We also saw rarities and restricted-range species such as:

  1. Sokoke Scops Owl
  2. Friedmann’s Lark
  3. Malindi and Sokoke Pipits
  4. Golden Palm and Taveta Golden Weavers

Of the other near-endemics and specials rarely recorded on other tours we also managed to record the following:

  1. Somali Ostrich
  2. Mountain Buzzard
  3. Shelley’s Francolin
  4. Vulturine Guineafowl
  5. Somali Courser
  6. Sooty Gull
  7. Black-faced Sandgrouse
  8. Fischer’s and Hartlaub’s Turacos
  9. African Barred Owlet
  10. Montane Nightjar
  11. White-headed Mousebird
  12. Eastern Green Tinkerbird
  13. Brown-breasted, White-eared, Red-and-yellow and D’Arnaud’s Barbets
  14. Pallid Honeyguide
  15. Mombasa and African Grey-headed Woodpeckers
  16. Fawn-coloured, Pink-breasted and Red-winged Larks
  17. Fischer’s Sparrow Lark
  18. Golden Pipit
  19. Pangani Longclaw
  20. Stripe-cheeked Fischer’s and Tiny Greenbuls
  21. Northern Brownbul, Dodson’s Bulbul, Scaly and Northern Pied Babblers
  22. East Coast Akalat
  23. Ashy Cisticolas
  24.   Quil-Plover
  25. Somali Long-billed and White-browed Crombecs
  26.   Red-throated Tit
  27. Little Yellow Flycatcher
  28. Forest Batis Long-tailed
  29. Taita  Fiscal
  30. Three-streaked Tchagra
  31. Black-fronted Bush-shrike and Rosy-patched Bush-shrikes,
  32. East Coast Boubou
  33. Hildebrandt’s,  Fischer’s and Magpie Starlings
  34. Plain-backed, Amani, Eastern Olive, Mouse-coloured, Hunter’s, Tsavo Purple-banded Sunbird,
  35.  Parrot-billed,
  36. Kenya Rufous Sparrow
  37. Zanzibar Red Bishop
  38. Jackson’s Widowbird
  39. Black-cheeked Waxbill
  40. African Silverbill
  41. Village Indigobird
  42. Steel-blue and Straw-tailed Whydahs
  43. African Citril and White-bellied  Canary

March 19, 2012: Giant Kingfisher (Megaceryle maxima)

March 19, 2012: Giant Kingfisher (Megaceryle maxima)

Photo@Joseph Aengwo

Giant Kingfisher is a crow-sized kingfisher, dark-crested,with white throat and a large black bill.Upper part of this beautiful bird is dark slate, finely spotted and barred with white.This species also exhibit sexual dimorphism with male having chestnut breast, white belly and black-and-white-barred flanks.Female is chestnut bellied, with densely black-and-white-speckled breast .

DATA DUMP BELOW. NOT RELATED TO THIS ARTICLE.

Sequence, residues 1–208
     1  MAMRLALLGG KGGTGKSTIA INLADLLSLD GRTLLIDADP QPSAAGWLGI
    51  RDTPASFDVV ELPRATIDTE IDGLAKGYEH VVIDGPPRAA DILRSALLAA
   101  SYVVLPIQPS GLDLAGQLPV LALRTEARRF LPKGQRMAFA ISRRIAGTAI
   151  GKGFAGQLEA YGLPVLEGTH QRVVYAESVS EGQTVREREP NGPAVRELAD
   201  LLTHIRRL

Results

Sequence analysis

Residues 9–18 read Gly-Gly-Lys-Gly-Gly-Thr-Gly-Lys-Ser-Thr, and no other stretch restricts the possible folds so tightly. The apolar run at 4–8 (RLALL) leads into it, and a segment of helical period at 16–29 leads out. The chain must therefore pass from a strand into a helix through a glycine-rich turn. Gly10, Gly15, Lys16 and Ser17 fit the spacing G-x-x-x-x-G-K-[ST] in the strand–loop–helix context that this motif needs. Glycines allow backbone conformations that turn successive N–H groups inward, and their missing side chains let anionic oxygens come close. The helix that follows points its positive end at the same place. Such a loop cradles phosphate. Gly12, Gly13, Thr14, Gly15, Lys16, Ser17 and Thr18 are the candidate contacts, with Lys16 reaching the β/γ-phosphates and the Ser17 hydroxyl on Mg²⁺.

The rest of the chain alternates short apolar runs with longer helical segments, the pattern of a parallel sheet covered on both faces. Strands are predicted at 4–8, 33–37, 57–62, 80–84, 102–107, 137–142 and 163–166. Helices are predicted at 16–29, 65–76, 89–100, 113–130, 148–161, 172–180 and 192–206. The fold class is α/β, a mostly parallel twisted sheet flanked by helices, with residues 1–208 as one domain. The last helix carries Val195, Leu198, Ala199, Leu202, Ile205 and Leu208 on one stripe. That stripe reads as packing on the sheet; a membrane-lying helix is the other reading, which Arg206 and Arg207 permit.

This bird is widely distributed in Kenya and can easily be seen in rivers, swamps and lakes.Areas where it is commonly seen include Subukia, Nyahururu, Lake Naivasha, Baringo and Kitobo forest which close to the Kenya-Tanzania border.

March 11, 2012: Red-Necked Falcon (Falco chicquera)

March 11, 2012: Red-Necked Falcon (Falco chicquera)

Photo@Yan Von Danne

This rare  norrow-winged, Kestrel-sized falcon typically associated with Palm tree.It can easily be identified from its Red-rufous crown that extend all the way to the scapular. This beautiful raptor has a white face, chin and the upper breast, with broad pale rufoous band across upper breast.Pale blue-grey above with fine black barring;primaries and primary covert darker. The wings are pretty short compared to typical falcons like Peregrine.

Uncommon in low open country, especially with palms and acacia of Galana river, Meru and Samburu national park, Lake Turkana and the coastal part of Kenya.This photo was taken by a friend of mine in Samburu National Reserve.

3 March, 2012:Rosy-Patched Bush Shrike (Rhodophoneus cruentus)


Photo@Joseph Aengwo

Rosy-patched Bush Shrike is a beautiful bird!it is locally  common in bushed grassland, bushland and scrub in arid and semi-arid plateau country up to altitude of about 1600 meter.Two races occur, apparently without intergrades: hilgerti in northern and eastern Kenya from Turkana, Ileret, Marsabit and Moyale to Baragoi, Isiolo and Athi .While the race Cathemagmena is in south Kenya in areas around Tsavo west and East National park.

While birding in those areas mentioned, this bird should be hard to see as they always like singing on top scrub bushes.They are never shy as such.